The Federal Reserve’s ‘Dovish’ Tapering

December 20, 2021 Updated: December 28, 2021


Inflation has skyrocketed, and aggressive monetary policy is the key factor in understanding it. I already explained it in my article “The Myth of Cost-Push Inflation.” The Federal Reserve has finally recognized this and has made a U-turn to its policy of keeping buybacks and rates low.

The Fed now expects core inflation to remain above 2.7 percent in 2022 (previously, it expected 2.3 percent) and that it will be above 2 percent in 2023 and 2024. That means the consumer price index will probably remain above 4 percent in that period. Considering that it will close the year above 6 percent, we’re talking about inflation of more than 14 percent in three years, a great risk to the recovery, real wages, family savings, and investment.

The Fed has at least acted and will reduce its monthly sovereign bond purchases by $20 billion and mortgage-linked assets by $10 billion by 2022. In addition, it will accelerate the rate increases to three moves in 2022, three in 2023, and two in 2024 to reach a 2.1 percent reference rate in 2024.

It’s still a modest reduction for the magnitude and scope of an overly aggressive and even counterproductive stimulus program that has been active for too many years, since no one can understand what the Fed is doing buying mortgage-linked assets with the real estate market at its highest or raising rates to 2.1 percent with core inflation above 2 percent during 2022–2024.

The central bank will continue to purchase up to 50 to 60 percent of net Treasury issuances into 2024 and keep rates below target inflation—a very “dovish” tapering.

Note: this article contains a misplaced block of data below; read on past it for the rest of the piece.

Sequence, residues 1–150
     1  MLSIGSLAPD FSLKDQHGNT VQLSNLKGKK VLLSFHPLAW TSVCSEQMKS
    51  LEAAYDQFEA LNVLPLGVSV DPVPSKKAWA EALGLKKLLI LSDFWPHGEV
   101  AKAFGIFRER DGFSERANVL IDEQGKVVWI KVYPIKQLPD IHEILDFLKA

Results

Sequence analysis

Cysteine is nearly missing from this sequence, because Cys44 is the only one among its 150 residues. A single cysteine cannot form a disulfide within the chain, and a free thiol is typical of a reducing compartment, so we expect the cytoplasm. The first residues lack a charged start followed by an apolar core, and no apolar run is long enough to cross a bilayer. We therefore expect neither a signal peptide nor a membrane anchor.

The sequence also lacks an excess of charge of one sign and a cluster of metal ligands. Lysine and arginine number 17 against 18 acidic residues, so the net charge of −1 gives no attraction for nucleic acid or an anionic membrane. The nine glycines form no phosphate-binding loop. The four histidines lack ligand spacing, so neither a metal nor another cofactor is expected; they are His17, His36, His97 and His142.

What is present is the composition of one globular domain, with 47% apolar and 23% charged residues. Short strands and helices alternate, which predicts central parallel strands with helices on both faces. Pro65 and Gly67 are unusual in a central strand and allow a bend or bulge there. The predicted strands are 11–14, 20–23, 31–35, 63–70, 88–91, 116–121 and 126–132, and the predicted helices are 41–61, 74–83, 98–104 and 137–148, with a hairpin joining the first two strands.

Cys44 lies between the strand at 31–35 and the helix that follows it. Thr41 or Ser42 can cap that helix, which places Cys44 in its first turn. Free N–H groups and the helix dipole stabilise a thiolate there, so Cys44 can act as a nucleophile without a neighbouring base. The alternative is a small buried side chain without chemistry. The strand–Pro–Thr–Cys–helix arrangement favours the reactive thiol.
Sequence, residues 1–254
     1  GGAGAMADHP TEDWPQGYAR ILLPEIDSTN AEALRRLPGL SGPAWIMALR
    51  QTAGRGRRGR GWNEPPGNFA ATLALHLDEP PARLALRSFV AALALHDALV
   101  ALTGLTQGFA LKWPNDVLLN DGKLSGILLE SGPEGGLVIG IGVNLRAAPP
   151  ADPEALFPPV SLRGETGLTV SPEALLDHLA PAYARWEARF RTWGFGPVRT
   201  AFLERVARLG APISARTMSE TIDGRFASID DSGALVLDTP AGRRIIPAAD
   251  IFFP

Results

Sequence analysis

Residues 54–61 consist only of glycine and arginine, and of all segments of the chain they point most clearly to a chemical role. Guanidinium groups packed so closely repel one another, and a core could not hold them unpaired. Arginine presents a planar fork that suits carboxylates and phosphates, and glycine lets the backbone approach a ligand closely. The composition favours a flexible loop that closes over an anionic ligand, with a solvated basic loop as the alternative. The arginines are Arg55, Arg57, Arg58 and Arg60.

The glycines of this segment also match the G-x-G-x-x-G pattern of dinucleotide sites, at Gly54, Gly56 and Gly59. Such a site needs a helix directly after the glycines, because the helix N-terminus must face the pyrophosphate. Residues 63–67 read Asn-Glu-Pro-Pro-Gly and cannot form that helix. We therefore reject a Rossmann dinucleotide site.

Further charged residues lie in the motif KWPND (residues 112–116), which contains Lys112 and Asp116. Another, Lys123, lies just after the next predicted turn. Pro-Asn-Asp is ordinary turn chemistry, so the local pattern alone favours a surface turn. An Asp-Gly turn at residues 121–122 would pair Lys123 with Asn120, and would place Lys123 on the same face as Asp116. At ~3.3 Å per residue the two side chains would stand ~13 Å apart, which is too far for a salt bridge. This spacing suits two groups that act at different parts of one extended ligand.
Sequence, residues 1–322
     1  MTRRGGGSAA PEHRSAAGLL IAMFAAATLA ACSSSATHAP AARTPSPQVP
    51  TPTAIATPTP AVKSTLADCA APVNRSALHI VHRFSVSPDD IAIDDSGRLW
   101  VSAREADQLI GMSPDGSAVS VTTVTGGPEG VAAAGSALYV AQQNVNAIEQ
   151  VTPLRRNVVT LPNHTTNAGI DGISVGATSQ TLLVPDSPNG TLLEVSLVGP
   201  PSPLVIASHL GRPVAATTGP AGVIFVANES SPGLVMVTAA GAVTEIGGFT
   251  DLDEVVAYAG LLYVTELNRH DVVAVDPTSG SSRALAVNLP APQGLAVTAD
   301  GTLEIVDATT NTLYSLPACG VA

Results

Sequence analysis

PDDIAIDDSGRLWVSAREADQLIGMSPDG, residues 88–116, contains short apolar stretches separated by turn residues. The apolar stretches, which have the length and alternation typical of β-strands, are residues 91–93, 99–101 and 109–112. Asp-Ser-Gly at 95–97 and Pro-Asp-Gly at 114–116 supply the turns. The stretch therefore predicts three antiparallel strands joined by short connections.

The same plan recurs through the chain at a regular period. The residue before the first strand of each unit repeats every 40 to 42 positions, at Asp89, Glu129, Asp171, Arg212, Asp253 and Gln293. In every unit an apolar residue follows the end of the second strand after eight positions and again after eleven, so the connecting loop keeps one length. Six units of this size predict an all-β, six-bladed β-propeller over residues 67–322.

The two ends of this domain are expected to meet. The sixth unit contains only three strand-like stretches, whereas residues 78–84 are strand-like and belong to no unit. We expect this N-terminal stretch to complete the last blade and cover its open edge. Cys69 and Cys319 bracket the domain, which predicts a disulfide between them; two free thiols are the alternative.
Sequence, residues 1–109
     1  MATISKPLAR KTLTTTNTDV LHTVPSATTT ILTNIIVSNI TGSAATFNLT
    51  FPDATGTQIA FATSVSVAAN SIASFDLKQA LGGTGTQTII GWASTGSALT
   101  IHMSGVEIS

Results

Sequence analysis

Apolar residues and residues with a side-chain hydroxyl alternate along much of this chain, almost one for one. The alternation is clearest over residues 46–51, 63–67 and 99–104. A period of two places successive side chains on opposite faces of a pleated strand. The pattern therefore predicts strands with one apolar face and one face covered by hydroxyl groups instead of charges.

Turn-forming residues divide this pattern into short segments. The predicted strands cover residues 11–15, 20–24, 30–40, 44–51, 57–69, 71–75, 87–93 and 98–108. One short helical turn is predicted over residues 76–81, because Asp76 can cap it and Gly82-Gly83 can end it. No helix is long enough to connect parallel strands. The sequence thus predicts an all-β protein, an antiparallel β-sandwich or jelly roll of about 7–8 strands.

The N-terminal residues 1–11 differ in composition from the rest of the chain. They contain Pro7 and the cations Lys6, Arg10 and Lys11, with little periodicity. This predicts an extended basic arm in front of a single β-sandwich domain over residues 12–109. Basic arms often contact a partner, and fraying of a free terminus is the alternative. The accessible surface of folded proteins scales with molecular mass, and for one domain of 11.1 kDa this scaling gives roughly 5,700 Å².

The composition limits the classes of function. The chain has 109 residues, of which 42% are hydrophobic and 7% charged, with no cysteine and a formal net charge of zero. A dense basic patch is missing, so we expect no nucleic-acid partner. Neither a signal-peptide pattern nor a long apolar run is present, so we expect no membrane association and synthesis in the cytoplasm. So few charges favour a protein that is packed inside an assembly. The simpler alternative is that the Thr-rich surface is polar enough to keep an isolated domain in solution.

But the Fed is doing something more important and key: It’s generating much greater demand for dollars and absorbing savings from the world into the United States, by making the traditionally safest investment (the U.S. 10-year bond) more attractive to global investors.

The Fed has taken the reins again and left the European Central Bank (ECB) with a changed pace and wrong policy. Despite runaway inflation that’s the highest in three decades in the euro area, the ECB is maintaining its extremely aggressive monetary policy, negative rates, and bond purchases that account for 100 percent of the net issuance of the member states.

The ECB is caught between a rock and a hard place because it can’t take decisive action as states have become accustomed to the unprecedented monetization that has led the ECB’s balance sheet to be 81 percent of eurozone GDP compared to 37 percent for the Fed with respect to U.S. GDP.

If the ECB reduces its so-called expansionary policy, states such as Spain or Italy will not be able to withstand the slightest rise in borrowing costs.

On the other hand, if the ECB maintains a huge buyback program and negative rates, the inflation tax and stagnation may condemn the eurozone to a stagflation that some countries have already experienced in the past.

The ECB has launched into the Japanization of Europe, and now, it can’t back down.

The Federal Reserve has once again exposed why the dollar is the world’s reserve currency and why no one should copy the central bank’s policy without the global demand for currency enjoyed by the dollar. The Fed can afford a sharp change in monetary policy and to see how the markets reward it and attract more demand for dollars. The euro doesn’t have that luxury.

The ball is now in the court of Christine Lagarde and the ECB: Will it choose to continue inflating the bubble of debt and wasteful spending of deficit-laden and fiscally irresponsible states, or will it choose to regain monetary sanity and avoid stagflation? I hope, for our sake, it chooses the latter.

Views expressed in this article are the opinions of the author and do not necessarily reflect the views of The Epoch Times.

Daniel Lacalle, Ph.D., is chief economist at hedge fund Tressis and author of “Freedom or Equality,” “Escape from the Central Bank Trap,” and “Life in the Financial Markets.”